With more than half in the survey confessing they did not understand how varicose veins, oedema (swelling) and leg ulcers develop, it is not surprising early warning signs go unheeded.

Leg health dos and don’ts
• Check legs and feet regularly
• Try to elevate your legs whenever possible
• Get prompt treatment for any knocks and sores, particularly if you have diabetes.
• If you need to stand for long periods, wear suitable comfortable shoes because they will support your feet and ease pressure on legs
• Get properly measured and fitted for compression hosiery by a pharmacist or nurse
• Try the following exercises. The first can be done either sitting up or lying down: Flex your foot up and down then rotate your ankle to provide full     circulation to your leg. Then stand up and move your foot up and down, stretching your calf muscle.
• Moisturise legs
• Walk and exercise regularly
• Eat a balanced diet and watch your weight.
• Cross your legs for long periods as this prevents blood from circulating easily
• Remain inactive for extended periods
• Stand for a long time
• Have very hot baths
• Assume your leg will get better by itself
Pinpointing problems with your pins
Here is a quick guide to help you identify common leg problems:
Spider veins
Symptoms: A web of thread-like veins visible on the surface of the skin. These occur when the pressure of the blood flowing backwards widens the veins, making them more visible. Their appearance can be a sign the veins in your leg are not working efficiently. Treatment: Keep active. Maintain a healthy weight. Wear compression hosiery as this will assist the blood to flow up your legs and prevent pooling.
Swollen ankles
Symptoms: Legs and ankles look puffy. Swelling will often get worse as the day progresses. It can be due to standing or being inactive for long periods, and may indicate poor circulation. Treatment: Put your legs up for an hour or two. Do leg exercises to keep the blood moving. If you have mobility problems, these can be done sitting down. See your GP as legs swell for a variety of reasons.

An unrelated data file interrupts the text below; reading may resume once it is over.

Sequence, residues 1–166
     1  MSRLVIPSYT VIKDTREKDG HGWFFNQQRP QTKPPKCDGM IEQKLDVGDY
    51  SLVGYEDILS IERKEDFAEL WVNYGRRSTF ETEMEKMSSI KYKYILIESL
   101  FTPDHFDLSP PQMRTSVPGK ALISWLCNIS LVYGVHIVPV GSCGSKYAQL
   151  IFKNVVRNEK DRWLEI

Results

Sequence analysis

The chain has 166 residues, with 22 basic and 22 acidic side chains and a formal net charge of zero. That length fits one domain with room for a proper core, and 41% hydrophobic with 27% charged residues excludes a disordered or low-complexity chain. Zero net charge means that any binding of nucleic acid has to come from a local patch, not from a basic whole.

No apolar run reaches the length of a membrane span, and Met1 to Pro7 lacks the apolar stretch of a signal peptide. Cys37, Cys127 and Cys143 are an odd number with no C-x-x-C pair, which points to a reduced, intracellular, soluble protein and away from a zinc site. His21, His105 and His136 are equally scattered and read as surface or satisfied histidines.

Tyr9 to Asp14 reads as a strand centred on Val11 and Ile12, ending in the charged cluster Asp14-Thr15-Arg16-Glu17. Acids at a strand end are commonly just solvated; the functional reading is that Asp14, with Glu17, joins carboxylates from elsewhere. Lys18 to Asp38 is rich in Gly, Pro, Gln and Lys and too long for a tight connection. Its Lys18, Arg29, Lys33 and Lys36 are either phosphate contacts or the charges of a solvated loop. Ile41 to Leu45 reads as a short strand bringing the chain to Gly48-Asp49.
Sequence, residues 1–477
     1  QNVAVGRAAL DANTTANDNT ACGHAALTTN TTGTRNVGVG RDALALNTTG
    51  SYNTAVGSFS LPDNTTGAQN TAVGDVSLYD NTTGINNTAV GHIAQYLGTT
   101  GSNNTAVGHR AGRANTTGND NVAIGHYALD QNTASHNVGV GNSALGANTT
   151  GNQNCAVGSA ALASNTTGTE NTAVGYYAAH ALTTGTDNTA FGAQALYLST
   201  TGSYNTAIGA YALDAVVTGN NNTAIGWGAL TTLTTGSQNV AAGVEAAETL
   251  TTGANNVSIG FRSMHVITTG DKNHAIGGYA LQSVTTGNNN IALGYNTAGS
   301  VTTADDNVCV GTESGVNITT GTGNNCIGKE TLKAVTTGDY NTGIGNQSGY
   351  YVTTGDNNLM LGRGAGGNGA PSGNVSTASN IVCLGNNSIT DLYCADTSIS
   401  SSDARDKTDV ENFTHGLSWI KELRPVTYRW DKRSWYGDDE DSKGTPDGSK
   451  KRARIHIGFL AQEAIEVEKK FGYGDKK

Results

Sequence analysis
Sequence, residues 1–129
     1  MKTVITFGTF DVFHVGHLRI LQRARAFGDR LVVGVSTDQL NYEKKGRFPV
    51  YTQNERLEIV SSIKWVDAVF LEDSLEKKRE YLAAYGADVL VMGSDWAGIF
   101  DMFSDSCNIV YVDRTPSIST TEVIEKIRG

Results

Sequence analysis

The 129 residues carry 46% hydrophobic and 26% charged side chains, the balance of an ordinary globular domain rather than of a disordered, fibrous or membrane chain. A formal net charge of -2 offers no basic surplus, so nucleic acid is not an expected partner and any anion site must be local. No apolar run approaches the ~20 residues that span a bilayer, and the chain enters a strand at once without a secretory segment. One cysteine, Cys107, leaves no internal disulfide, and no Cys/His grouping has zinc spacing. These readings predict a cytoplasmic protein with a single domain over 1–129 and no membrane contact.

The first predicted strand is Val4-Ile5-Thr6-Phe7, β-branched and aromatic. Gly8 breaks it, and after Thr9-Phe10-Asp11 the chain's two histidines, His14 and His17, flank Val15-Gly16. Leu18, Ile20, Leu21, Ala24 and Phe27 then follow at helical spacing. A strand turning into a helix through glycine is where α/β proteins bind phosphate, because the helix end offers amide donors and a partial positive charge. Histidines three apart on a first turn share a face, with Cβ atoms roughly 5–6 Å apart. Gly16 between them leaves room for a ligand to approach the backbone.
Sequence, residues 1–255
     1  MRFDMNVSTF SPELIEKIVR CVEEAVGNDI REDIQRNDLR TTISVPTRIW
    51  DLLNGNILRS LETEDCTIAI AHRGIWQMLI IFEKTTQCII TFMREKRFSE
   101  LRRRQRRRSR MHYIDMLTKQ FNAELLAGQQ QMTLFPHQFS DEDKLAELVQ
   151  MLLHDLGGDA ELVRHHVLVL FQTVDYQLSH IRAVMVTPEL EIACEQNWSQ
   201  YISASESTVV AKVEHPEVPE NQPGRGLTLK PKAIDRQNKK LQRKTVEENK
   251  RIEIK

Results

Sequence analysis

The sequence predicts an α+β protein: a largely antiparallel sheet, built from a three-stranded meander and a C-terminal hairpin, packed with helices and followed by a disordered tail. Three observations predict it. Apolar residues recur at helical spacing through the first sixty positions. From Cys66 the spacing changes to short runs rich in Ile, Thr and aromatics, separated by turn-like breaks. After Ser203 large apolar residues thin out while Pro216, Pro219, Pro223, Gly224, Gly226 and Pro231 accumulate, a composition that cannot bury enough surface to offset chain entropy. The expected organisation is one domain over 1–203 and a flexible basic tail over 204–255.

Varicose veins
Symptoms: Veins become lumpy, blue or purple in colour, and are tender to the touch. They can make the legs ache, itch and feel heavy. They are caused by pressure from blood flowing backwards and pooling. Often they are hereditary but they can be the result of having a job that involves a lot of standing. Being overweight is a risk factor. Treatment: Your GP may advise compression hosiery to help the blood flow back up to the heart or recommend surgery to remove them.
Chronic oedema
Symptoms: This refers to swelling around ankles or in the legs that lasts for more than three months and does not improve when legs are elevated. A common cause is sitting still for long periods. Treatment: The GP will prescribe compression bandages to reduce its size. Then compression hosiery may be used to help contain the limb and prevent further swelling.
Venous leg ulcer
Symptoms: An open wound appears below the knee or on the foot and fails to heal. It is caused by persistent high blood pressure in the leg veins which damages skin and leads to the formation of the ulcer. One in 50 of those over 80 in the UK has venous leg ulcers. People with diabetes are most at risk. Treatment: See your GP as soon as possible. The wound needs to be dressed regularly and kept clean to prevent infection. Compression bandages or stockings are used to control the blood pressure in the legs.
(Article source: Choice)